Checker rapidly developed a replacement for the Model A, combining the chassis and engine configuration of the original Model A with the Dietrich designed body of the Model D. The resulting vehicle was called the Model A2. The body passenger compartment of the A2 is virtually identical to the Model D, the only difference being the length of the front clip, which was redesign to be configured for a front inline Continental 6-cylinder flathead engine and rear wheel drive configuration of the Model A. The Checker A2 dimensions were consistent with most large US produced automobiles at a total length of 205.5 inches and the wheelbase 124 inches.
|Helsinki Olympics Survivor|
|Sole Surviving 1949 Model A3 Luxury Car|
The following year, in August of 1947 Checker introduced another model, the A3. Called a pleasure car, this automobile was Checker’s first official entry into the non-taxi market, a car that could be sold into the “Black Car” limo markets that were growing in most US cities. A deluxe version of the A2, the A3 sported a bench front seat and more chrome The Checker A3 was equipped with a rear trunk. This was the first time Checker had offered a trunk as standard equipment. The A2 did not have a trunk, mainly because many US cities still had laws on the books that prohibited taxis equipped with trunks. Many of these laws dated back to the prohibition era as rumrunners would transport illegal booze out of sight of the police in the trunks of taxicabs.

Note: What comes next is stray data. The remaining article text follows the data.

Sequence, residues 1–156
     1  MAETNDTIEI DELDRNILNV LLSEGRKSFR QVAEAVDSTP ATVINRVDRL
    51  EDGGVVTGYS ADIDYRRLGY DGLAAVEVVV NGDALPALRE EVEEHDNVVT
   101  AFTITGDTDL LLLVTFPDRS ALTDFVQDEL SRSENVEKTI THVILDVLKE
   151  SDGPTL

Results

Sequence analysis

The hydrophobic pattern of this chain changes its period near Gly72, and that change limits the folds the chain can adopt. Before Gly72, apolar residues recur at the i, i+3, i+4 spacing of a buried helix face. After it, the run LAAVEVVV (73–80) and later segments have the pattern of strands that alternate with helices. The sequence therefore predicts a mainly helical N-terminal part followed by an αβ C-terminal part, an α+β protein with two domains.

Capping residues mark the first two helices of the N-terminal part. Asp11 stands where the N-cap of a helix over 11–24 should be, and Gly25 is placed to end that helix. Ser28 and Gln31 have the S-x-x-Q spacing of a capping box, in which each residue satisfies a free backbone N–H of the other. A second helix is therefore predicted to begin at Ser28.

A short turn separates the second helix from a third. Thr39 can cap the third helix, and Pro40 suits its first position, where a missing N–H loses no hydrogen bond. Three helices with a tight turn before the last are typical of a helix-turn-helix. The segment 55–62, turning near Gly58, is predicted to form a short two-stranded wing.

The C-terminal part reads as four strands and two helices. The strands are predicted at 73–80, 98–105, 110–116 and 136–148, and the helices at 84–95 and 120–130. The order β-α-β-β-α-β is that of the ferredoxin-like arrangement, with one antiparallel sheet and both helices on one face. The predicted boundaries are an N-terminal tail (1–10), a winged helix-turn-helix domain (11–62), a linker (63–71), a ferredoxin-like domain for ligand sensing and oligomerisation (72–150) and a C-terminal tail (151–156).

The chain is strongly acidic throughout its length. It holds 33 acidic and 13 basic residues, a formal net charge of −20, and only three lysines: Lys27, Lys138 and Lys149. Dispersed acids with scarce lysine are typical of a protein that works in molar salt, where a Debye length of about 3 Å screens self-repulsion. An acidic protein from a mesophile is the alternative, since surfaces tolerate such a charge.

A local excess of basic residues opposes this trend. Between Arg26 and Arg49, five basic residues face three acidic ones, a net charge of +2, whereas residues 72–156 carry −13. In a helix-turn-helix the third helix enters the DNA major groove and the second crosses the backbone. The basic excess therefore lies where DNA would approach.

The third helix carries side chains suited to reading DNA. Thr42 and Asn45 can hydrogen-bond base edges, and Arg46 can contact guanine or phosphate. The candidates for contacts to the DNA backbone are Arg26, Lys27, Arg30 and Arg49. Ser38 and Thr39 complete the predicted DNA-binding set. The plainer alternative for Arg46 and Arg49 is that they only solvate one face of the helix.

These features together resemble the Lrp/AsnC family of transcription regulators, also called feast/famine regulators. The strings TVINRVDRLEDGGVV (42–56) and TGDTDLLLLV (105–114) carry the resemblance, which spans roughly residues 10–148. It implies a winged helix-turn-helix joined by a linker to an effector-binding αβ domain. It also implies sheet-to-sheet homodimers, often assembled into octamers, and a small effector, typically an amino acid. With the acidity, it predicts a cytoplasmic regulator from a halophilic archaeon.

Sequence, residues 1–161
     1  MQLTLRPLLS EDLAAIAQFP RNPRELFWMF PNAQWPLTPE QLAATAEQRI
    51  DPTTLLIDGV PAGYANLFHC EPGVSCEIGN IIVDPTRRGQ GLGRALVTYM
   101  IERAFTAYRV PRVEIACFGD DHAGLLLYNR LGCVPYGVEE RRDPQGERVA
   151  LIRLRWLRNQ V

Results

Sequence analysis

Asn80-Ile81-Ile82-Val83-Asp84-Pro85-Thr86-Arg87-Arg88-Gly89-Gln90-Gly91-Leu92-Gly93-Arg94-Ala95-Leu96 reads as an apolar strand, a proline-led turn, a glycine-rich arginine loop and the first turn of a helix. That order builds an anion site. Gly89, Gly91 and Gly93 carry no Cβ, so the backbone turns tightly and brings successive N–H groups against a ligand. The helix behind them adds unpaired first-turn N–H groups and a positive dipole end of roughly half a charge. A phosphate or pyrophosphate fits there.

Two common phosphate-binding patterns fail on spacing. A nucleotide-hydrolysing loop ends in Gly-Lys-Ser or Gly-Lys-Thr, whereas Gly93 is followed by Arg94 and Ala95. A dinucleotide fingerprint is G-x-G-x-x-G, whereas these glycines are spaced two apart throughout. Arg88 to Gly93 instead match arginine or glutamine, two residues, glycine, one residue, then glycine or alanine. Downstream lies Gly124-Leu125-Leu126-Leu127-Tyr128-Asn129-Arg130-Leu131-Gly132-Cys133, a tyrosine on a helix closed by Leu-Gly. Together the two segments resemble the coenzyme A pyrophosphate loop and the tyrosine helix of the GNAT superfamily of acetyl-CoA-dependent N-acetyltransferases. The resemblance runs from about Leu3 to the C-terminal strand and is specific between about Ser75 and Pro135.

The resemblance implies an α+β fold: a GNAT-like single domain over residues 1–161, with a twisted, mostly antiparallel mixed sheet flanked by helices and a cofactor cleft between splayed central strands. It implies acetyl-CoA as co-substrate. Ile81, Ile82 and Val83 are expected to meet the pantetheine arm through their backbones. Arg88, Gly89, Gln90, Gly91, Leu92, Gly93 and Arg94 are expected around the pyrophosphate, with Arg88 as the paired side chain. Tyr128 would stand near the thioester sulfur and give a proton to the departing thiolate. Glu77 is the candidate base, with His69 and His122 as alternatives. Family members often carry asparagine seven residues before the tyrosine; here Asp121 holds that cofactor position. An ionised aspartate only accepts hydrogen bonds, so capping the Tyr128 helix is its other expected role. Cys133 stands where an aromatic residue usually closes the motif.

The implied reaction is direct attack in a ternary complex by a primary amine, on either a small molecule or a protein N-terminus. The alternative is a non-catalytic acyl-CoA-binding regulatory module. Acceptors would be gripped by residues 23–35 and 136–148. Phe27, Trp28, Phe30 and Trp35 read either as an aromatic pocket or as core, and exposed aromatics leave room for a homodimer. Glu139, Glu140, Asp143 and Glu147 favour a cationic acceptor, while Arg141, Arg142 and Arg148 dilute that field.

1947-1949 Model A2
Introduced in the fall of 1947 the design would serve Checker until December of 1954. Styled by Raymond Dietrich the Checker has many styling features similar to Chrysler and General Motors vehicles of the day. Easy identifiers:
- Flat bumpers with art deco bumper guards
- 60 box egg crate grille
- Chrome strip around the greenhouse
- Contoured rocker panels.
The pontoon fenders that wrap into the doors are a styling feature consistent with many high end cars of the day such as Cadillac’s or Lincolns.